006  001

Hermit-ThrushC14784Speaking of now, now, now, the other day, as I waited in my car at a light, watching tiny birds like brown teacups gathered at a street corner, I thought about a quote I read in Entertainment Weekly’s double issue (September 19/26).

“I think we have to get to stuff faster probably than we otherwise would have,” [Andrew] Kreisberg sighs. “Everybody is telling stories a lot faster on TV now.”

250px-Andrew_Kreisberg

Andrew Kreisberg

Who’s he? The producer of the upcoming new series The Flash, the CW network’s vehicle for DC’s comic book hero, the Flash—“the fastest man alive.” Grant Gustin stars as the Flash. The quote is Kreisberg’s answer to the question of how the series will roll out the Flash’s powers—all at once or gradually? Inquiring minds wanted to know. But Kreisberg’s words raised questions within me beyond those having to do with the Flash’s abilities.

The-Flash

With so many shows for viewers to choose from, I totally get the need to quickly grab viewers’ attention. A trip to Half Price Bookstore helped me see that. As I wandered in the section for MG and YA books, I felt overwhelmed by the amount of books on the shelves, books screaming for my attention. Many were written by authors I’d never heard of. I scanned the first pages of some of them before I quickly moved on.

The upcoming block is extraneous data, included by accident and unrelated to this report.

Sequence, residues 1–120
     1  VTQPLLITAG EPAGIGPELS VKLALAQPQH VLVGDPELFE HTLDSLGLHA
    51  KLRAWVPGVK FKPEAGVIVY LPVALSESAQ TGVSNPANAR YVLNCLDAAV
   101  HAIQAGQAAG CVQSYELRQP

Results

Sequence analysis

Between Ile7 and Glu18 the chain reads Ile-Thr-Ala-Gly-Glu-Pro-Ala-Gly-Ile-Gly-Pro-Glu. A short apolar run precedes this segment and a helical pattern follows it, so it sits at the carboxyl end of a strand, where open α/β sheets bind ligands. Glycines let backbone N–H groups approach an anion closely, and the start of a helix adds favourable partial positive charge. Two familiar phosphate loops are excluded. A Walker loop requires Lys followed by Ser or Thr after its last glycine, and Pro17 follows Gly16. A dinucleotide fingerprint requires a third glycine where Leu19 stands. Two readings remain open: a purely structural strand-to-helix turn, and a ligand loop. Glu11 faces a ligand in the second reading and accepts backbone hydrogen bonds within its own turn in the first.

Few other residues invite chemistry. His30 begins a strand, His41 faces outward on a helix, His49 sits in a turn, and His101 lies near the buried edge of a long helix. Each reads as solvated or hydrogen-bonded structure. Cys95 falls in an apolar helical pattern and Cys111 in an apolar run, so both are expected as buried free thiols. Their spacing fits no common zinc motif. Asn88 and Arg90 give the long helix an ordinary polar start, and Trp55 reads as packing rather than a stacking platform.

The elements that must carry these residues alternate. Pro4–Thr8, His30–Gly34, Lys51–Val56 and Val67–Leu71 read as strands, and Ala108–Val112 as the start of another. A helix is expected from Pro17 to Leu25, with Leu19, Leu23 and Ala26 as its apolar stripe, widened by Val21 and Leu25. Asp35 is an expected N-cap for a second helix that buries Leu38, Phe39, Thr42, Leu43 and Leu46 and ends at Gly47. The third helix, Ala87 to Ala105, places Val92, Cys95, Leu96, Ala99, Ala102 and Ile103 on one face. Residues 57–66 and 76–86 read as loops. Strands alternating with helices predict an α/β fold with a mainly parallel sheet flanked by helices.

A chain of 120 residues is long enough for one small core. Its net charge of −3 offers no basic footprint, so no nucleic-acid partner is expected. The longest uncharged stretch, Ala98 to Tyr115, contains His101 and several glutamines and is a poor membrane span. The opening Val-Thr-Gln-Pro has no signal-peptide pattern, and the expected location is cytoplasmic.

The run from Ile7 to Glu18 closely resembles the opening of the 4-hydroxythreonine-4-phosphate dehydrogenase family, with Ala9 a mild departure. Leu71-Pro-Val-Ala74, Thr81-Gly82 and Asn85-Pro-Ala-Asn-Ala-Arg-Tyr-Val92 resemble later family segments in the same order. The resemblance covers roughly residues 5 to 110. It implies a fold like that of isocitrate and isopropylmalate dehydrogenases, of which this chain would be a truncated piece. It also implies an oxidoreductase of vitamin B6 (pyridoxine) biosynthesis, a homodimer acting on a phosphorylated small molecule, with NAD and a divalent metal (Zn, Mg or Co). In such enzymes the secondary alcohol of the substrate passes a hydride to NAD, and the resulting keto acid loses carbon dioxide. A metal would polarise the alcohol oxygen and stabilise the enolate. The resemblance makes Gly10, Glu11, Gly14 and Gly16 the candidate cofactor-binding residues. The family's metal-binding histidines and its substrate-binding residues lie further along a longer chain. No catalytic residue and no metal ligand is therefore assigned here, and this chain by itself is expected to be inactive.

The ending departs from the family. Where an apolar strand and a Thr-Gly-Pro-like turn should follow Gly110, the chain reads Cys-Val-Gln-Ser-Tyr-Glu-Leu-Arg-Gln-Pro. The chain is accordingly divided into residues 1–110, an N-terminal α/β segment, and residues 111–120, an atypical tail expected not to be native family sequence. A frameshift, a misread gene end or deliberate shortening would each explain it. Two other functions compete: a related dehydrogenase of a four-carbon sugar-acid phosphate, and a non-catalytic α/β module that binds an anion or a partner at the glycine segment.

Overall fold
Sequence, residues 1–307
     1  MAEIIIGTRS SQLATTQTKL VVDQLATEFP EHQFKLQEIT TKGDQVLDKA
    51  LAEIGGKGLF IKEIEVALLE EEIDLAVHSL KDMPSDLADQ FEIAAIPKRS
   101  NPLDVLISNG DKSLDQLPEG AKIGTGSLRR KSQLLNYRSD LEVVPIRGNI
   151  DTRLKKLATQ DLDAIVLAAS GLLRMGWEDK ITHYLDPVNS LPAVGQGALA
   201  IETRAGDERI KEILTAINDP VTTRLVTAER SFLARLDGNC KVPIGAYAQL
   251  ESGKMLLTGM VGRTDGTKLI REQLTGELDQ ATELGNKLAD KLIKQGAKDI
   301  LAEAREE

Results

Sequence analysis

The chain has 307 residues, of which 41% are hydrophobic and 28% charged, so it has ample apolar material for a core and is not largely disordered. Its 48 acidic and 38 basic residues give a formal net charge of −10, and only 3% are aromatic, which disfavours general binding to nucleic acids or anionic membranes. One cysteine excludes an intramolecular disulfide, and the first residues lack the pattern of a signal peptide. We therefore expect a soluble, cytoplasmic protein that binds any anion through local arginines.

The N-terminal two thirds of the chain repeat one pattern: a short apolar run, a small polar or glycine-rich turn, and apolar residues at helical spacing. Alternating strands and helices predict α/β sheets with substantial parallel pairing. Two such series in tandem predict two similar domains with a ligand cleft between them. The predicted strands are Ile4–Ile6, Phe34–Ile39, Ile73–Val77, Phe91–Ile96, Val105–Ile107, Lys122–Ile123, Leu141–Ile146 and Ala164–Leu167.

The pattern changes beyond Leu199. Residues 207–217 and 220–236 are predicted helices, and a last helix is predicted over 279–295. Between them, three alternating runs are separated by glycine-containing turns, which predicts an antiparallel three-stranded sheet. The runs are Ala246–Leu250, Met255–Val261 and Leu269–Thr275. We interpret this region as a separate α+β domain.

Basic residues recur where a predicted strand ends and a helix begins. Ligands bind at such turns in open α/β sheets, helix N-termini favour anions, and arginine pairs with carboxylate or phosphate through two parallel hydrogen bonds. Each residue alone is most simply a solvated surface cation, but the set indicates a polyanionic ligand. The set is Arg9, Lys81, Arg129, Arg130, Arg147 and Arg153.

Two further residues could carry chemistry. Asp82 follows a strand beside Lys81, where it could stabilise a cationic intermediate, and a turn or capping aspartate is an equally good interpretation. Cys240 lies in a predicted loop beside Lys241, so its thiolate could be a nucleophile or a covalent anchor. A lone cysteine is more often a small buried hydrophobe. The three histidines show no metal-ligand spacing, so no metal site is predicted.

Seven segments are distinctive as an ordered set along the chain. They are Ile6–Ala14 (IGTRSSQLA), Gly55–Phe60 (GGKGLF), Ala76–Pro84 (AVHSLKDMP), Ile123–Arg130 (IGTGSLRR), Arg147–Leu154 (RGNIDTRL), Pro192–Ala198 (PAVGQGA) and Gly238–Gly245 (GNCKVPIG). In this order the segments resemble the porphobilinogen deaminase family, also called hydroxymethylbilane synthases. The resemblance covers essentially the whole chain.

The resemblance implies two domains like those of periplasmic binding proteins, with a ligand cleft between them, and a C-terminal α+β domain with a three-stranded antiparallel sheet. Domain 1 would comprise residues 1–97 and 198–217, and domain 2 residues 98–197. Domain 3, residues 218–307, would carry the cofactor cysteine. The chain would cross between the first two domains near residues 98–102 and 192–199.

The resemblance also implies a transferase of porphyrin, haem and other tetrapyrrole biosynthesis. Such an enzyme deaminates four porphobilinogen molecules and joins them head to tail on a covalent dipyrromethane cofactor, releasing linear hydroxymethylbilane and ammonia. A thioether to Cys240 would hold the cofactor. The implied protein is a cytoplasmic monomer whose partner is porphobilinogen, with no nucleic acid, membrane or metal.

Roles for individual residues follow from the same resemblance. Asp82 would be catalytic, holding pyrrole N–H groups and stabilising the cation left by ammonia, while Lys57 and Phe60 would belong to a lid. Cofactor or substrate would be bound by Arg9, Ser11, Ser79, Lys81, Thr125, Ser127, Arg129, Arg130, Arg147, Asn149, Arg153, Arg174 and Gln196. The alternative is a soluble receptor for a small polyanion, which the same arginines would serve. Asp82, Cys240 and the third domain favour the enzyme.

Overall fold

Skimming books in a bookstore doesn’t give justice to the authors who slaved over their manuscripts like great chefs—meal maestros who slave over a hot stove. And I don’t mean to convey that a book’s greatness should be judged by one hastily skimmed page nor that a television show’s worth is proved by how quickly viewers are gripped. After all, good storytelling often plays out over several pages and or over a season in television. Yet many people allow only one shot–a fleeting opportunity to quickly engage them or lose them forever.

I hope that the “fast” storytelling Kreisberg mentioned doesn’t mean that time spent crafting compelling characters will take a backseat while gimmicks and formulaic action sequences are thrust into the driver’s seat. That method of storytelling causes me to scurry away from a television program or a novel.

While I like to be engaged in a story early on, I also like to care about the characters beyond So-and-so’s hunt for his partner’s/wife’s/girlfriend’s/brother’s killer while he deals with his own issues with rage/PTSD/addictions. Of course this is not a description of the Flash/Barry Allen, whose antics I used to read about in comic book form. But I’m hoping that “fast” storytelling refers to his famed speed only and not to slapdash characters. Otherwise, I’ll be gone in a flash.

What do you think “fast” storytelling means? What’s the fastest way to engage you in a story?

“Fall TV Preview.” Entertainment Weekly. 19/26 Sept. 2014. 35-109. Print.

Grant Gustin as the Flash from screencrush.com. Bird from aconerlycoleman.wordpress.com. Andrew Kreisberg from arrow.wikia.com.

.